Welcome to St Leonard's Church page.
The church is dedicated to St Leonard, who was born in 559. The son of an officer of Prince Clovis, he entered a monastery as a young man near Orleans in France and later founded his own in the forest of Pauvain. For certain miracles performed for the queen he was granted permission by Clovis to release all the prisoners he visited and is therefore regarded as the patron saint of prisoners.
The foundations of the church and certain features are probably Norman but the main structure is 14th Century, the tower being rebuilt in 1722. Although the architecture is chiefly plain there are a number of nice features. The Norman font was made from a block of Dundry limestone around 1125 and the ironwork can still be seen which locked the cover, lest witches stole the holy water. The detailing on the corbels on the ends of the south arcade is 14th Century-vines leaves over a female head to the east, fig leaves to the west. The south windows contain many fragments of 16th Century Flemish glass.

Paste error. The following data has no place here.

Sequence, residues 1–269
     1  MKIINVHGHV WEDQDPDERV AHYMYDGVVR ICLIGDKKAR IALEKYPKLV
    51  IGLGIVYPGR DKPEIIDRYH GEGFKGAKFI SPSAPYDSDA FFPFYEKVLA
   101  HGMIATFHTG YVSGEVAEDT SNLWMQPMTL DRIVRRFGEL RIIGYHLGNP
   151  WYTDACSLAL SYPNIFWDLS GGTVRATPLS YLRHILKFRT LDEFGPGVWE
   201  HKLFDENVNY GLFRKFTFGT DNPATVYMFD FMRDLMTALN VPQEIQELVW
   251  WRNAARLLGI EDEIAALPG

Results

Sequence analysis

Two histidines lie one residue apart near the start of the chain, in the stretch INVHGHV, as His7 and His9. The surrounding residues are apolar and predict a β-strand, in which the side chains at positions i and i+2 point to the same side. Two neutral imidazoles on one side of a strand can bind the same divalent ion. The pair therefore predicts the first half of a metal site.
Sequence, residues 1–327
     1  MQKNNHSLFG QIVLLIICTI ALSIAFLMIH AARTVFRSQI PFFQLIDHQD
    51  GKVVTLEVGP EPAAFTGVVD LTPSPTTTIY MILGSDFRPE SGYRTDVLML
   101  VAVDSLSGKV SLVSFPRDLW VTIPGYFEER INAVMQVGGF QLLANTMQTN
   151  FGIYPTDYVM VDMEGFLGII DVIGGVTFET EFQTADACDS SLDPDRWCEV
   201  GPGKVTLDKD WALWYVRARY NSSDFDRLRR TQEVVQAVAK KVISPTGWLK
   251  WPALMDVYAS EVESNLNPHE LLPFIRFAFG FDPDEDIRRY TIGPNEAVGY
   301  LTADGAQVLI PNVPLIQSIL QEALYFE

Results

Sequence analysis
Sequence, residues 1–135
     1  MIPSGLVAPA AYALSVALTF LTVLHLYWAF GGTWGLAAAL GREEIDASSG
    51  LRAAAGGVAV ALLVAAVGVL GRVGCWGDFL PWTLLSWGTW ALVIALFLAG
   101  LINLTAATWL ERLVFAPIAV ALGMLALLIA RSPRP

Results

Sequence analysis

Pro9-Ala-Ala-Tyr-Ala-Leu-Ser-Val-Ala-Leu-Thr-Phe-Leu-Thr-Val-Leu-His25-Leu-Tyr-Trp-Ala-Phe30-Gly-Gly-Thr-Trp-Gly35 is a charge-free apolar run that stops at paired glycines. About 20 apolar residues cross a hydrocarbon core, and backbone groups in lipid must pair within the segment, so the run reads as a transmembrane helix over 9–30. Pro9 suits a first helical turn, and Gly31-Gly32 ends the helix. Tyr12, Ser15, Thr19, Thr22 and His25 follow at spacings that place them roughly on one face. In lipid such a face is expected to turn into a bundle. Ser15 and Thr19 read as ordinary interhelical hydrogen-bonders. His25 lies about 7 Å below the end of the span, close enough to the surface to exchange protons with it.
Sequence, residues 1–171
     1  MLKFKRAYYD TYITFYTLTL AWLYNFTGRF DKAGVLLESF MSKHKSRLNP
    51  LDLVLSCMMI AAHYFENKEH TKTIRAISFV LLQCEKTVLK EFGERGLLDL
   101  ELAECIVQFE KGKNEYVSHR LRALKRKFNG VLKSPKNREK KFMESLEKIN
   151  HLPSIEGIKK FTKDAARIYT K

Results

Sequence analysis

Whilst Bristol traded extensively with the Low Countries it is curious how such glass reached such a remote a spot. It is likely that the former tower was in better style, for there are few villages in Somerset which do not have a superb tower. : It seems there was great rivalry between villages as to the height and decoration of church towers. Spires are rare- but ten in the county. In Somerset we have an incomparable heritage and St Leonard’s Church with its roots deep in history, is a fundamental part of this.